The angle 64 of the output facing surfaces 47, only a few of which are labeled in FIG. 5 in the interest of clarity, are designed such that the surfaces nearest the output end 56 are shadowed from light entering at the maximum angle 55. As shown in FIG. 5, the angle 55, the cotangent of which is equal to the aspect ratio, is about 12 /2. Accordingly, the angle 64 of the output facing surfaces 47 is in excess of that angle. The angle 64 of the output facing surfaces 47 is here defined as the angle formed between an output facing surface 47 and the direction 53. x

The performance of the angled surfaces in controlling edge illumination from divergent light rays is shown by the light rays 70 and 72, which emanate from the light source 74. In prior art planar louver devices, light rays such as 70, which enter at an angle in excess of that angle 55 associated with the aspect ratio, but less than some predetermined angle, will be reflected once, at an angle in excess of the desired viewing angle, and thus produce unwanted side glow. In contrast, in the present invention, some light rays such as 70 impinge on the input facing surfaces 45, and are thus either directly reflected back to the input end 54 or are multiply reflected as shown. Light ray 72 is illustrative of divergent rays entering so as to strike the output facing surfaces 47, which rays are reflected out at an angle less than that angle 55 associated with the aspect ratio to enhance the total light throughput of the louver device.

In an embodiment where the flat surfaces 19 and 27 of the half shells l6 and 18 are used as the pair of light control elements, the resulting aspect ratio for the depicted geometry would require that the output facing surfaces be positioned at an angle greater than about 53. Since it is desired that the angle of the output facing surfaces not exceed it is evident that four such shells must be joined in series.

In the embodiments depicted herein, the pairs of light control elements are all shown to be parallel to each other. It is also envisioned that the elements in some embodiments may be non-parallel, such that the distance between the elements varies along the length thereof between the input and output ends. In such a case, the angle of the output'facing surfaces must be greater than the angle whose cotangent is the ratio of the length of the channel formed between the elements and the distance between the elements at the output end.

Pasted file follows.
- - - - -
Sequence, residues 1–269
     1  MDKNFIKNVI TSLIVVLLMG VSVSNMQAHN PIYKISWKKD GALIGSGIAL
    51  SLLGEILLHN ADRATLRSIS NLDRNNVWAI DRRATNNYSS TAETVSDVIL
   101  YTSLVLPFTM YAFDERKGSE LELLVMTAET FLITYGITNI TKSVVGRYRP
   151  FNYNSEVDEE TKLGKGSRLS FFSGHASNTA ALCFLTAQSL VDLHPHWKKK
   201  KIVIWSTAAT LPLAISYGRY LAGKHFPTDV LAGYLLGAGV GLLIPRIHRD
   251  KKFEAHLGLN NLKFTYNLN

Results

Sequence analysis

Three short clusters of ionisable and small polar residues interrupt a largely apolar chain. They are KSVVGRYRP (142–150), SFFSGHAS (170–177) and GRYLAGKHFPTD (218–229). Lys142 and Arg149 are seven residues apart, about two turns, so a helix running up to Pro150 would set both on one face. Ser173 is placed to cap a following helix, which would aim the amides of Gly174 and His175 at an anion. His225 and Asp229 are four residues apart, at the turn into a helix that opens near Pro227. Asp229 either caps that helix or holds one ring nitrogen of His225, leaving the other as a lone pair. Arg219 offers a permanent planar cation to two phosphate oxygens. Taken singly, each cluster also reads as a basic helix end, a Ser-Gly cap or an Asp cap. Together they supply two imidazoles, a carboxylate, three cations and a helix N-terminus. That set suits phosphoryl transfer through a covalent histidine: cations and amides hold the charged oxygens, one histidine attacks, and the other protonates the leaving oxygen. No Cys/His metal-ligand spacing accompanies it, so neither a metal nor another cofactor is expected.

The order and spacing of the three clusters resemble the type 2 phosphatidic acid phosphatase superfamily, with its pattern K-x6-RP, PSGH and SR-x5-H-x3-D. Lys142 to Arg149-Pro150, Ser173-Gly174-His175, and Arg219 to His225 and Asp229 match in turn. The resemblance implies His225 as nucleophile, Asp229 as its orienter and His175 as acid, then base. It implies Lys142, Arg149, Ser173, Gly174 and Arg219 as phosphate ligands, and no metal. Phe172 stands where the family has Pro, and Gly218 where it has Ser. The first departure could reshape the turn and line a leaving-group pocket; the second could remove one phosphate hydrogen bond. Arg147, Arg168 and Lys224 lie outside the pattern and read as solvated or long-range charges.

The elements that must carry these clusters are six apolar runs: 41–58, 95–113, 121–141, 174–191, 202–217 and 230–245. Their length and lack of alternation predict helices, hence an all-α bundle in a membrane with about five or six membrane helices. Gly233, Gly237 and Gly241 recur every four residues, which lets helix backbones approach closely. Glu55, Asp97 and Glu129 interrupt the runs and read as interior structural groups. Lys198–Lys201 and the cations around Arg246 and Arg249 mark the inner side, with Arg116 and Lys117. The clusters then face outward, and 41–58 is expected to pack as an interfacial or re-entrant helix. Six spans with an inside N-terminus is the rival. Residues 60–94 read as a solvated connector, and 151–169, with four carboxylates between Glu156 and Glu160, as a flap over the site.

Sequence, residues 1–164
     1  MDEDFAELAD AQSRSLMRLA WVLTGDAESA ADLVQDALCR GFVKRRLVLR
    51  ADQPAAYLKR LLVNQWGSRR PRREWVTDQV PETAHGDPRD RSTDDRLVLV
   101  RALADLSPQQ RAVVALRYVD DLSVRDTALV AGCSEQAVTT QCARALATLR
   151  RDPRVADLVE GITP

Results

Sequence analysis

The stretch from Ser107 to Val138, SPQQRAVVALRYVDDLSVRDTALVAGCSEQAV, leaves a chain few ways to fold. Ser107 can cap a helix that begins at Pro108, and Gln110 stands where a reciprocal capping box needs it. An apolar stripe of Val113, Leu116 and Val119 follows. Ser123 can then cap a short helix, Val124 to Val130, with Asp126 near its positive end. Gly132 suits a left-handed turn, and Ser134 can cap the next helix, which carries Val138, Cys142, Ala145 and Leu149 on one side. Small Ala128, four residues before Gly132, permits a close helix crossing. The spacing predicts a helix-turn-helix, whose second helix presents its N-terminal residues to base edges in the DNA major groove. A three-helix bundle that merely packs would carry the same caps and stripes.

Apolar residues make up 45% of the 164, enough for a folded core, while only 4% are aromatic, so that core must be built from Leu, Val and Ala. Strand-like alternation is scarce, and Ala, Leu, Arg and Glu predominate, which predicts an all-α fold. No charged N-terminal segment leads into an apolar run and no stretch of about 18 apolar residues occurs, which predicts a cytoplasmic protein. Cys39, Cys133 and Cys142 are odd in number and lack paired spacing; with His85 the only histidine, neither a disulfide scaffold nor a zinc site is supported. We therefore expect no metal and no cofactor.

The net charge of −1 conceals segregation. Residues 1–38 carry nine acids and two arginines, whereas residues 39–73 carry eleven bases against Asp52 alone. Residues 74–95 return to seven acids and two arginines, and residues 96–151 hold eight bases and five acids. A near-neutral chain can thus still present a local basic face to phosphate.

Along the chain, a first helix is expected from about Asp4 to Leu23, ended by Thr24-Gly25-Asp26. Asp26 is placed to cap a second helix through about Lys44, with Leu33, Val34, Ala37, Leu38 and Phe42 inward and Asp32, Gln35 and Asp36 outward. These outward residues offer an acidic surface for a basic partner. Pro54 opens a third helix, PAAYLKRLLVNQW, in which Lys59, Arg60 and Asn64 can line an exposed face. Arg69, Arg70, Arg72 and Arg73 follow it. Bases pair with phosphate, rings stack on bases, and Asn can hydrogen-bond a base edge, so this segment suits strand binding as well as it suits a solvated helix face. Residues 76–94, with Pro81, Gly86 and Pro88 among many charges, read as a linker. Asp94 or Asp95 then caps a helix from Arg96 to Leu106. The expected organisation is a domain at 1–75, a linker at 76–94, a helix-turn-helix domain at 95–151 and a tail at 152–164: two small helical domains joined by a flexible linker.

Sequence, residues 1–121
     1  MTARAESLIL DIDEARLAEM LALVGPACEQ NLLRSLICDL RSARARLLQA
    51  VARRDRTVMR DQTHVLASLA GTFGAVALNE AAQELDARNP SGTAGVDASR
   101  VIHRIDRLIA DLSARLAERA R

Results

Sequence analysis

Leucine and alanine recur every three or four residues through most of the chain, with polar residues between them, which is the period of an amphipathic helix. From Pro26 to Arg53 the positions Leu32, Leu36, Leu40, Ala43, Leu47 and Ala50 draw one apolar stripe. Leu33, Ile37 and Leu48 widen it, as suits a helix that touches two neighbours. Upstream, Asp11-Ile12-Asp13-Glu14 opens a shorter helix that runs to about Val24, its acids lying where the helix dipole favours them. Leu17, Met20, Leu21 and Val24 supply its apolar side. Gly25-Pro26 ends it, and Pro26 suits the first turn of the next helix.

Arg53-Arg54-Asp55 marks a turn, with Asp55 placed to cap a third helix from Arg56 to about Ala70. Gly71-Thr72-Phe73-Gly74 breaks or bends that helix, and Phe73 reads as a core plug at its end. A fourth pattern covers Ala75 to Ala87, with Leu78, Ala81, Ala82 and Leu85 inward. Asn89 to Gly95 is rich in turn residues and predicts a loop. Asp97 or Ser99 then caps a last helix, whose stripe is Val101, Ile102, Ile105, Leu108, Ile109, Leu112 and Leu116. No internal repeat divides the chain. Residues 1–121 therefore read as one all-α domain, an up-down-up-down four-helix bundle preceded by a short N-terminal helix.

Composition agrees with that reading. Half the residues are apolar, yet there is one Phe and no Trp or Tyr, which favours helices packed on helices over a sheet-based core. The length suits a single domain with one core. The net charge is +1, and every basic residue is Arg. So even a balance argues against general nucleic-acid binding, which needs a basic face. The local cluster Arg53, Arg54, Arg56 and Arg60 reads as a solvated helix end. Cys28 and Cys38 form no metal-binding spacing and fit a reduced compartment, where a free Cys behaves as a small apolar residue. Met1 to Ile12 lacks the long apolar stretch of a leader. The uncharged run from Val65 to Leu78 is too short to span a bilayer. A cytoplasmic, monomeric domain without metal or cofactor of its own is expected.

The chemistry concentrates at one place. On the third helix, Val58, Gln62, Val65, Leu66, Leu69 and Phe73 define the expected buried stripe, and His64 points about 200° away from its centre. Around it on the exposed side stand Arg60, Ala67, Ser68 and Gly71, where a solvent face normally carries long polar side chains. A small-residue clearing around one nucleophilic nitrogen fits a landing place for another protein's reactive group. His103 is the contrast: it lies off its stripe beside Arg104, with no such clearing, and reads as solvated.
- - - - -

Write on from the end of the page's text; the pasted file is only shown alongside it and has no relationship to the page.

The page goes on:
It is standard practice in the traffic control-industry to utilize louver devices having aspect ratios of 4/1 and 6/1. Accordingly, a preferred embodiment of the present invention provides the input and output facing surfaces at angles consistent with these practices. The angle whose cotangent is 6 is approximately 9 /2", while that whose cotangent is 4 is approximately 14. To insure that the output facing surfaces near the output end are wholly shadowed, it is further desirable that the angle of the output facing surfaces 47 be in excess of such angles. Therefore, while the output facing surfaces 47 are desirably between 6 and 20, a particularly desired construction utilizes the output facing surfaces 47 angled at 16, thereby forming a construction in which the desired standardized aspect ratios are simply obtained by appropriate selection of the length of the opposing light control'ele'ments.

Similarly, a preferred construction positions the input facing surfaces at 45 plus one-half the angle of the output facing surfaces. Thus, where the output facing surfaces are positioned at 16, the input facing surfaces are positioned at 53. This preference ensures that divergent light rays hitting an input facing surface such as shown by the light ray 70, are reflected at least three times soas to adequately absorb and scatter such light rays. a V

While it is preferable that the peaks and valleys on the opposing surfaces of adjacent vanes such as and 52 be opposite each other, such a preference is not essential. Accordingly, while the angled surfaces on the interior. of the shells l6 and 18 of FIG. 1 are desirably angled to match the angles of the surfaces on the vanes, it is not essential that the relative positions of the peaks and valleys on the shells correspond with the positions of the peaks andvalleys of adjacent surfaces on the vanes.